Figure 1: The Times Higher Education Methodology
Academic Peer Review
Composite score drawn from peer review survey (which is divided into five subject areas). 6,354 responses in 2008.
Score based on responses to employer survey. 2,339 responses in 2008.
Faculty Student Ratio
Score based on student faculty ratio
Citations per Faculty
Score based on research performance factored against the size of the research body
Score based on proportion of international faculty
(QS Times; Methodology, 2008)
With the peer review indicator accounting for 40% of the total weight used to calculate international rankings, would it not be a sensible thing to treat colleagues as equals. That is to say, the very same colleagues that are treated indifferently by Korean students and post secondary institutions, as well as their friends with whom they share personal experiences, could very likely make up a substantial percentage of the peers filling in the surveys. This would surely result in the prescription of lower ranks to South Korean universities and thus Korean parents would be more inclined to send their children to study at higher ranked universities in the United States. After all, "Going to U.S. universities has become like a huge fad in Korean society, and the Ivy League names - Harvard, Yale, Princeton - have really struck a nerve," (Harvard graduate; Victoria Kim in Dillon, 2008).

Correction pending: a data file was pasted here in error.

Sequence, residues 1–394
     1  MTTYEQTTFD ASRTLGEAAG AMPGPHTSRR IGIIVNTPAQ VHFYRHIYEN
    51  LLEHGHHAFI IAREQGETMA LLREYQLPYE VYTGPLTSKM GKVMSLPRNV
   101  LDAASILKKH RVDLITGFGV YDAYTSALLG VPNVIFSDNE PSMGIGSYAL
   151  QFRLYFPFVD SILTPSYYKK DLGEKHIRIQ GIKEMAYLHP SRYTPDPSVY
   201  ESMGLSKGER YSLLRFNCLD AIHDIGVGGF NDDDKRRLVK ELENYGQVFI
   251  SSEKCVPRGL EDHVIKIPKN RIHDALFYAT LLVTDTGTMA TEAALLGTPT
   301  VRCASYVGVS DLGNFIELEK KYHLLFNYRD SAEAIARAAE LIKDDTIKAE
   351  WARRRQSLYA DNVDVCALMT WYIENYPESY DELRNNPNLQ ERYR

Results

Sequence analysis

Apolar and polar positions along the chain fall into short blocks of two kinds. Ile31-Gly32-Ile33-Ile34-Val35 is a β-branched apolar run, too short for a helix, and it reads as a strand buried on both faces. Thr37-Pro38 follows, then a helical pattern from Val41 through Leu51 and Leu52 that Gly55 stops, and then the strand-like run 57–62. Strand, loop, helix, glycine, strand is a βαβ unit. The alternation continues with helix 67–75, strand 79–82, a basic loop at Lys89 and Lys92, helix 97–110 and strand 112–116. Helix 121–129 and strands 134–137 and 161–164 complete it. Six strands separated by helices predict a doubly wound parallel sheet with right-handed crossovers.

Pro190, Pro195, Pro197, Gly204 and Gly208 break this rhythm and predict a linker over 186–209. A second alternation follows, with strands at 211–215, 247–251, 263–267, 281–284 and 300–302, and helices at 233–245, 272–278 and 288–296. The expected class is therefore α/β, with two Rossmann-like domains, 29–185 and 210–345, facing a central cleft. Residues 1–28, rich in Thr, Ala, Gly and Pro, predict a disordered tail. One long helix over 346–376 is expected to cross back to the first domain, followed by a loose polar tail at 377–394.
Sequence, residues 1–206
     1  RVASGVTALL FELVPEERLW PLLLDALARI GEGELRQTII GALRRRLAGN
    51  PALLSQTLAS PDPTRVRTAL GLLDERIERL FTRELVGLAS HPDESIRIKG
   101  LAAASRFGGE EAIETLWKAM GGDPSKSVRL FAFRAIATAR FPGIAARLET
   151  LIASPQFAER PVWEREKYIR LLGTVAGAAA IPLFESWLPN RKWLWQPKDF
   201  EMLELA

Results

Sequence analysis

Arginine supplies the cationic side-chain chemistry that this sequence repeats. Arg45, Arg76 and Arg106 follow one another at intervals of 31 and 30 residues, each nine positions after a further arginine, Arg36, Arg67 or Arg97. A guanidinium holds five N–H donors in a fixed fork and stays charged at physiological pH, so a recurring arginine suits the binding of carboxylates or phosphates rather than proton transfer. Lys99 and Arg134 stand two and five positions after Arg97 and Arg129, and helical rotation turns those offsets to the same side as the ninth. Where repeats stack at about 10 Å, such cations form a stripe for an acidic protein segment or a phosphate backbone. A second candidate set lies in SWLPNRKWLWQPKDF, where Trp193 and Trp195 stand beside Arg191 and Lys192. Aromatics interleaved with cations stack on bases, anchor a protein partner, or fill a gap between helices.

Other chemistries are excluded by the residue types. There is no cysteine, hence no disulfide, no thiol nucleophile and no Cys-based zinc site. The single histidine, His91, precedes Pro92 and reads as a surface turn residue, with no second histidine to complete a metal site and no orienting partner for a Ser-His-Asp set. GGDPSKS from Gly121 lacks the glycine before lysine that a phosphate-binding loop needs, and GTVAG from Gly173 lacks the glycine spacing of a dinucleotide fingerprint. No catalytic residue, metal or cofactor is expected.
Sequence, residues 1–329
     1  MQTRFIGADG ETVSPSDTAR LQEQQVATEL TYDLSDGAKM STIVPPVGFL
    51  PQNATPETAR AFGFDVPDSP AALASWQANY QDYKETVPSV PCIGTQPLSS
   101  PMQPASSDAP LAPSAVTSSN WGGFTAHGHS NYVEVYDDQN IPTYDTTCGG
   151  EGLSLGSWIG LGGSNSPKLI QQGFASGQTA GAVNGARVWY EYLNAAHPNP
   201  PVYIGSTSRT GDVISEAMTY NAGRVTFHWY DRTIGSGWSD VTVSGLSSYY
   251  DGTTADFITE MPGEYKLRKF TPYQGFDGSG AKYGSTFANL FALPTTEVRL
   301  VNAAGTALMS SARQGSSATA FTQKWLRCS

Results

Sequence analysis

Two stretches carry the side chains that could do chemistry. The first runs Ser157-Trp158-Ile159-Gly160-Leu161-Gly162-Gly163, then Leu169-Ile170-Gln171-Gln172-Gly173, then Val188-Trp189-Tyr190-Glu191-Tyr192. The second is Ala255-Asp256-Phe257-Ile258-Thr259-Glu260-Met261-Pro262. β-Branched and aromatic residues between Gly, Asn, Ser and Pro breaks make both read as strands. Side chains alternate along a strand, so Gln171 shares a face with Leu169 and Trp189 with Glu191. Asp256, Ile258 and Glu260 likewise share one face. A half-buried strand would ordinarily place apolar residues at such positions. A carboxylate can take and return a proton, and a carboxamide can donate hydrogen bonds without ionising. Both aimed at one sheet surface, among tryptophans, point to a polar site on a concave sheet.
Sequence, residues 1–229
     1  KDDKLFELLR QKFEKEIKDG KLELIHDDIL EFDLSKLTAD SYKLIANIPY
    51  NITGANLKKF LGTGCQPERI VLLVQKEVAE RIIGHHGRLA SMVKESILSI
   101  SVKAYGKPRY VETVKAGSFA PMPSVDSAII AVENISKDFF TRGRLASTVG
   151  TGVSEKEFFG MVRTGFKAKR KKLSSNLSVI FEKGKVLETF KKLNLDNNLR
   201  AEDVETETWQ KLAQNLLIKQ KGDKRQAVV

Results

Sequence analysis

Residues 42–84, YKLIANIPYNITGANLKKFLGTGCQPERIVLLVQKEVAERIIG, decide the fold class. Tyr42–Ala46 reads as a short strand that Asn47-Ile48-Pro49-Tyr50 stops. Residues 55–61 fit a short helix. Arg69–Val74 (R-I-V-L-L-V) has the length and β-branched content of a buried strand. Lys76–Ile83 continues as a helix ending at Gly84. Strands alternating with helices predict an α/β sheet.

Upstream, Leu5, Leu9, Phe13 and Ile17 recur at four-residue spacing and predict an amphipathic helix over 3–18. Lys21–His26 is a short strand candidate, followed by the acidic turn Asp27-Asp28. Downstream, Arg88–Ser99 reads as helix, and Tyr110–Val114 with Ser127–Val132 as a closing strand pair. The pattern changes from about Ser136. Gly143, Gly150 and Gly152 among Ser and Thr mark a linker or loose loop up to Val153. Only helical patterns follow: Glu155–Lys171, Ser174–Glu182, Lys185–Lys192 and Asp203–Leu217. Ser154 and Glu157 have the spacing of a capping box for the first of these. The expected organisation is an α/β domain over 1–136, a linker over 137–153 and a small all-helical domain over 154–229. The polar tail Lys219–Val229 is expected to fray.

Someone please tell the people in charge of the Korean post secondary institutions for they can no longer afford to allow this increased tendency for students to study abroad as it leads to augmented financial strain on the pocketbooks of Korean parents. Overall, Koreans need to take education back into their own hands and become truly independent in terms of both secondary and post secondary education. They owe themselves at least this much.